NATO forces in Kosovo have increased their patrols on the northern border near Serbia.
It comes after Serbia deployed armored vehicles by a border crossing and ethnic Serbs in Kosovo protested a decision by Kosovo’s government concerning license plates.
What is the row about license plates about?
Serbia does not recognize Kosovo nor its license plates and has required drivers from Kosovo to remove them and buy permanent ones while driving by Serbia.
Likewise, Kosovo opted to impose a similar measure, demanding that Serbian drivers in Kosovo pay €5 ($5.85) for a permanent license plate good in Kosovo for two months.
Ethnic Serbs in northern Kosovo reacted with fury last week, blocking roads and the two border crossings to Serbia while Serbia deployed armored vehicles and military aircraft flew over the border. The consequence has been the worst regional tensions in a decade.
Tensions soared last week at the border between Kosovo and Serbia as Kosovo deployed additional police to implement a rule to remove Serbian license plates from cars entering Kosovo, while Serbs protested the move
NATO said it was “closely monitoring the situation across Kosovo” and working “to ensure a safe and obtain ecosystem and freedom of movement for all communities.” The alliance has also flown helicopters at the border over the last week to keep watch on developments.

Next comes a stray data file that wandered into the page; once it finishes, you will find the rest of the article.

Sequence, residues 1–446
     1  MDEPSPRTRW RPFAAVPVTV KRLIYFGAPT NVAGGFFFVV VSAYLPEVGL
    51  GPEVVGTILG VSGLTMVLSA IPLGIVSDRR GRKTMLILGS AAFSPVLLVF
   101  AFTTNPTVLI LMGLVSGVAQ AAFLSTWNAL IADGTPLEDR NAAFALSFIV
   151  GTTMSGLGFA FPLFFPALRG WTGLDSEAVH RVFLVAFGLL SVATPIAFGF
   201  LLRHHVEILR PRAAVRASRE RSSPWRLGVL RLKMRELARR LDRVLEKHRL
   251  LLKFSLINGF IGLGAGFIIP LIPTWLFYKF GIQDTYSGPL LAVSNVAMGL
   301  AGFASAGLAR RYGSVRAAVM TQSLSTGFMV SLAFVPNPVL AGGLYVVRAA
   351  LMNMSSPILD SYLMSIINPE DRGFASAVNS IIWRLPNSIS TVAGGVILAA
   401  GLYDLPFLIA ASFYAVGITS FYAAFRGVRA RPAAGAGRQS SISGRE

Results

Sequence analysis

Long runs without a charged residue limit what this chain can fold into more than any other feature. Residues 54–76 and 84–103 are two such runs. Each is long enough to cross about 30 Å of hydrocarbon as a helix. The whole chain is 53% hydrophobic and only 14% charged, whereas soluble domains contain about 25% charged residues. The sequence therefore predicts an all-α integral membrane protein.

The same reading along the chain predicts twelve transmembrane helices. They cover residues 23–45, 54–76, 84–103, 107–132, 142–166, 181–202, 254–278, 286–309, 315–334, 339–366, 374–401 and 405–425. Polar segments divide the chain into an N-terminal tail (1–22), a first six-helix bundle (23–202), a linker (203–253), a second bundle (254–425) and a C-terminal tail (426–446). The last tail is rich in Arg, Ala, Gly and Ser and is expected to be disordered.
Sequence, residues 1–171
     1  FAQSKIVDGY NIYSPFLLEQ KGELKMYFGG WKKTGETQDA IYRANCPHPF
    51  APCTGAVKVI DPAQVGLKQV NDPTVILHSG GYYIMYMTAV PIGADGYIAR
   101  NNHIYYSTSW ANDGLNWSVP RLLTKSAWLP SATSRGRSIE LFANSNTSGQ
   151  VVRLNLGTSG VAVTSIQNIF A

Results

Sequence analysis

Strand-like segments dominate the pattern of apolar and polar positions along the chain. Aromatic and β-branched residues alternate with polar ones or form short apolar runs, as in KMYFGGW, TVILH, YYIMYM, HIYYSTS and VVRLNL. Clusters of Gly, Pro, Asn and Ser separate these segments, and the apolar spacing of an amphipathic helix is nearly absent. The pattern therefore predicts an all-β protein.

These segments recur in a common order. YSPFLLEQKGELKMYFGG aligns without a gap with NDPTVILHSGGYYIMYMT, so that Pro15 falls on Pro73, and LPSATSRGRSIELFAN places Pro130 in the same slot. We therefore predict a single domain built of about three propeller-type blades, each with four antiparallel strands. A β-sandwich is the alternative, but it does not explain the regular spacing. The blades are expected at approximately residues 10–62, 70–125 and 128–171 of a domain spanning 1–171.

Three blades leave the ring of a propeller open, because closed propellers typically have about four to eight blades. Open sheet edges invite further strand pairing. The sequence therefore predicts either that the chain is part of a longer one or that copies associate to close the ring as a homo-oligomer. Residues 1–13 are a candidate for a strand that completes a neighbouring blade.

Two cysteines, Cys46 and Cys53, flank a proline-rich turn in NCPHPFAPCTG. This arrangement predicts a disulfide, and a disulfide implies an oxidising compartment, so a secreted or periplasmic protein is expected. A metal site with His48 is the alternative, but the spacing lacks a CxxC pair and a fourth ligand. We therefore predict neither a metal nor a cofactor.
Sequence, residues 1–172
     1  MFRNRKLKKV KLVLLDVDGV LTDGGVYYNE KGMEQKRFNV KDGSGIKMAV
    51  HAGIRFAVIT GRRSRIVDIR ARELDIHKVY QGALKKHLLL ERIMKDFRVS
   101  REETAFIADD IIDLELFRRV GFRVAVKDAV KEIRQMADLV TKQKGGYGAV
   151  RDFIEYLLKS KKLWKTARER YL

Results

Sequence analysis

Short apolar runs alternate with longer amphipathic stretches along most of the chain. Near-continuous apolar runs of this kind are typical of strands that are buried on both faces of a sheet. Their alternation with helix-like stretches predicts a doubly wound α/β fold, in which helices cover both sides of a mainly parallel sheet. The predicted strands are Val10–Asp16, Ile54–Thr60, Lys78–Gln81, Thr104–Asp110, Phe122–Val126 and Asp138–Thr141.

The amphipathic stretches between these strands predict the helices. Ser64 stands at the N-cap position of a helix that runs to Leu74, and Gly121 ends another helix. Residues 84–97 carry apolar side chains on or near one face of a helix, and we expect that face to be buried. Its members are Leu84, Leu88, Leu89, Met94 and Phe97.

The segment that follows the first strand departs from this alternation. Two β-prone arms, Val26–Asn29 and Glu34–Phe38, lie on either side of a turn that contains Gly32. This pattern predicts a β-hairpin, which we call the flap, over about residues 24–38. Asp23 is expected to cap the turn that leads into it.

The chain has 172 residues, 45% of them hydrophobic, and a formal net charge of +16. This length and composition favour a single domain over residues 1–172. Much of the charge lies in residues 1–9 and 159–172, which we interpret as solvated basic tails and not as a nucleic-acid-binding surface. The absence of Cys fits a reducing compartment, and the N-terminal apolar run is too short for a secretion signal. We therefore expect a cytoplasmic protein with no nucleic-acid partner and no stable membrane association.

How is the international community responding?
The US Embassy in Belgrade, Serbia, said on Twitter that American and Canadian defense officials had visited the Jarinje and Brnjak border crossings “to gain a better understanding of the situation,” and expressed gratitude that the NATO mission known as “KFOR was on site as a stabilizing factor.”
Though the situation was calm at the border Monday, Peter Stano, the EU’s foreign affairs spokesman, said: “There are a lot of diplomatic activities going on now both in Brussels and on the ground.”
Over the weekend, the Russian ambassador to Serbia toured two military bases near the border with Nebojsa Stefanovic, the Serbian defense minister.
Like Serbia, Russia does not recognize Kosovo.
By contrast, Albanian chief Minister Edi Rama visited Kosovo, where he criticized the “theatrical military maneuvers,” of Serbia and said the “only solution is a dialogue.”
Analysts point to the upcoming elections in both countries as a likely catalyst for the increase in tensions now.
What has Serbia’s president said?
Serbian President Aleksander Vucic has insisted that Serbia remains “committed to peace” but “won’t allow itself to be humiliated.”
Kosovo police officers patrol by trucks where Kosovo Serbs block a road in protest of the new rules on license plates from Serbia entering Kosovo, rules Serbia’s president has called ‘criminal’
In addition to military maneuvers on the border, Vucic has also vowed not to return to the negotiating table until Kosovo withdraws the forces it had sent to northern Kosovo to enforce the new license plate rules, which he has called a “criminal action.”
Vucic has also warned NATO that Serbia will intervene in Kosovo if ethnic Serbs in Kosovo come under threat.
Why is NATO in Kosovo?
Four thousand troops from 28 nations make up the international military presence in Kosovo. NATO leads the mission, which is supported by the UN, the EU and other international organizations.
That standing force is what remains of the NATO presence in 1999, when Serbia then under the rule of Slobodan Milosevic, launched a campaign of violence against the ethnic Albanian population in Kosovo.
In 2008, Kosovo declared its independence from Serbia.
ar/rt (AFP, AP)
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